New York: George R. Lockwood, [c. 1870].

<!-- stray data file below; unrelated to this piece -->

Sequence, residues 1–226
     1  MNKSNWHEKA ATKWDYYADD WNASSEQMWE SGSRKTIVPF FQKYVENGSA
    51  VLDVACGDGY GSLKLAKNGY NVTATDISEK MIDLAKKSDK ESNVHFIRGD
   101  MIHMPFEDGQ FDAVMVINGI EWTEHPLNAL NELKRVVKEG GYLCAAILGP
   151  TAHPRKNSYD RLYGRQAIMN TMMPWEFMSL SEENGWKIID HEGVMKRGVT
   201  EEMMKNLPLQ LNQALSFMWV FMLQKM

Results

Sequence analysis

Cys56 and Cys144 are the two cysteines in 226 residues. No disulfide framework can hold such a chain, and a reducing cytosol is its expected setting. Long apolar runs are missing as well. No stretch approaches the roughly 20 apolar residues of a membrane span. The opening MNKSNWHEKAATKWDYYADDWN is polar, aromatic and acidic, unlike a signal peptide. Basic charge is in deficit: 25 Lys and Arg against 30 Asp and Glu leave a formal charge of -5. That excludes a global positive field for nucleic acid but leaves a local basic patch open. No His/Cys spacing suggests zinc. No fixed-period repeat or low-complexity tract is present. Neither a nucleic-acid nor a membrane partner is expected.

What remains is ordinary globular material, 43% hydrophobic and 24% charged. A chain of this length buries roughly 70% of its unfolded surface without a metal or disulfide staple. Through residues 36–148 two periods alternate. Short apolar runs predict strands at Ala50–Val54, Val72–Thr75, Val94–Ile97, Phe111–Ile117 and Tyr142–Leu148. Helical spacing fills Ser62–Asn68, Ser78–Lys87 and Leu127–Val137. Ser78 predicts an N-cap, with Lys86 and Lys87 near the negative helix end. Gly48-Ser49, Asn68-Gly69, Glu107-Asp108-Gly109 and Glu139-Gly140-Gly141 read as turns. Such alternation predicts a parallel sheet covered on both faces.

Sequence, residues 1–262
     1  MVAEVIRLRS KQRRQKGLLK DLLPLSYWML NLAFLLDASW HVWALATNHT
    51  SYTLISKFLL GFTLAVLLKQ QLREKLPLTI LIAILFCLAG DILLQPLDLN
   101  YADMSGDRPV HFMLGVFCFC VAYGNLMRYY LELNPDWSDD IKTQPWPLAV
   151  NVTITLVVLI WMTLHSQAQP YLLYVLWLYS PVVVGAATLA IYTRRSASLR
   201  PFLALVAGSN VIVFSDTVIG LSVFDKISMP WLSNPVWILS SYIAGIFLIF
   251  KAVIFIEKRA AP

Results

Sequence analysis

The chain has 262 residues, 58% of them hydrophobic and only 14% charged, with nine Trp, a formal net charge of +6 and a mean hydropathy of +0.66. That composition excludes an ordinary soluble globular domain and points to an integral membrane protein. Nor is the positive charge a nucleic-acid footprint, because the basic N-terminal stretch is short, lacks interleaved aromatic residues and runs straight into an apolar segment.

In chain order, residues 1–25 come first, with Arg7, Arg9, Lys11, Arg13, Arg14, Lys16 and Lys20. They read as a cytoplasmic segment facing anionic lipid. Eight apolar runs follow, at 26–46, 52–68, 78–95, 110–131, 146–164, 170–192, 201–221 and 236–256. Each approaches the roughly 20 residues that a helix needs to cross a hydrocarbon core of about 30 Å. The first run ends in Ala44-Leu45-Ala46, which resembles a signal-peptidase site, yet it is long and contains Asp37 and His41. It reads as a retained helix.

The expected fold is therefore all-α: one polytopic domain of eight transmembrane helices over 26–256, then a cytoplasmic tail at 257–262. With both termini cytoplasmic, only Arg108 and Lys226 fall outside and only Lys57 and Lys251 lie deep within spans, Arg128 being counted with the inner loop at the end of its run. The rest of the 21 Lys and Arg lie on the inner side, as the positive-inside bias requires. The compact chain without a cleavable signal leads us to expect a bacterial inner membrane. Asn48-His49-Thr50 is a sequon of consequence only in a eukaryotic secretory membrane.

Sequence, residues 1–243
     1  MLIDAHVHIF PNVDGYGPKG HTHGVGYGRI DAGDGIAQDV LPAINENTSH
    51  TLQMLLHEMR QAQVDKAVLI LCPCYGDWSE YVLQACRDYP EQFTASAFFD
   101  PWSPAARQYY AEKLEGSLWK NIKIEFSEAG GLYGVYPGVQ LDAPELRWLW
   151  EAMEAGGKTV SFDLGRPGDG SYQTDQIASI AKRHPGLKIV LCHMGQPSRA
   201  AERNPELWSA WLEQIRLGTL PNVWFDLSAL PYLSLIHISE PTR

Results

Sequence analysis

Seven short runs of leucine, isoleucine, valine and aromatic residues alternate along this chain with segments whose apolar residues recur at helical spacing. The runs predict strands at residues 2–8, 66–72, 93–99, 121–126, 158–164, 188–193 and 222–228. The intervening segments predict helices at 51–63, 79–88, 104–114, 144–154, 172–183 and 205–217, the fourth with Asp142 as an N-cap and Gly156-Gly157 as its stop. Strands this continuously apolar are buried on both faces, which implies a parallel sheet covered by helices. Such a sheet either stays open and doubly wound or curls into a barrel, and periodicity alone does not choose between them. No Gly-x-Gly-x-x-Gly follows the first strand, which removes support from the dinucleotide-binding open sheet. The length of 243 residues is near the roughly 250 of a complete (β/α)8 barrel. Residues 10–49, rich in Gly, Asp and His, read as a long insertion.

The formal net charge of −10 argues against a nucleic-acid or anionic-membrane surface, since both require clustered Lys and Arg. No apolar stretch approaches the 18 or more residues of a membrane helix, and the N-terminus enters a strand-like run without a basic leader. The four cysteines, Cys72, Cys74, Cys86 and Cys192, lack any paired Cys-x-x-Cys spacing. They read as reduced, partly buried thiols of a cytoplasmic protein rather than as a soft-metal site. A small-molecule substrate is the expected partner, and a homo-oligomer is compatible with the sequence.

One of several Lockwood editions of Audubon’s Quadrupeds; three royal octavo volumes in the original brown morocco bindings, with ornately stamped decorative covers and spines; marbled endpapers; all edges gilt. The firm of Roe, Lockwood had taken possession of Audubon’s lithographic stones along with the copyrights during the Audubon family bankruptcy in 1862 [Reese 39]. The three volumes “contain 155 plates [in various states], being all of those in the original ‘Vivaporous Quadrupeds’ plus 5 of the 6 in the 1854 folio supplement” [Bennett 5]. ~The text was written by John Bachman -- Audubon’s friend and Lutheran clergyman who was an “able botanist” [Legacies of Genius, 128] who urged Audubon to take his time. The ever-enthusiastic Audubon was not to be slowed down: “My hair are grey, and I am growing old, but what of this. My spirits are enthusiastical as ever, my legs fully able to carry my body ... Only think of the quadrupeds of America being presented to the World of Science, by Audubon and Bachman” [Streshinsky, Audubon: Life and Art in the American Wilderness, p. 332].~Considered by some to be “more beautiful and more scientifically innovative than [Audubon’s] more famous Birds of America”, it is perhaps ironic that while most of the birds had been drawn from life...in the end “most of the animals were painted from memory, stuffed specimens, or even pelts... Despite these difficulties, the result was the most naturalistic depiction of American mammals ever done” [LoG, 128]. ~The set with a closed tear to one plate (II, no. 16, “Moose Deer”) discreetly repaired by a conservator; boards reinforced at the joints. (Sabin 2368; Bennett 5; Phillips 27; Reese 39; Legacies of Genius, 128; Streshinsky, Audubon: Life and Art in the American Wilderness).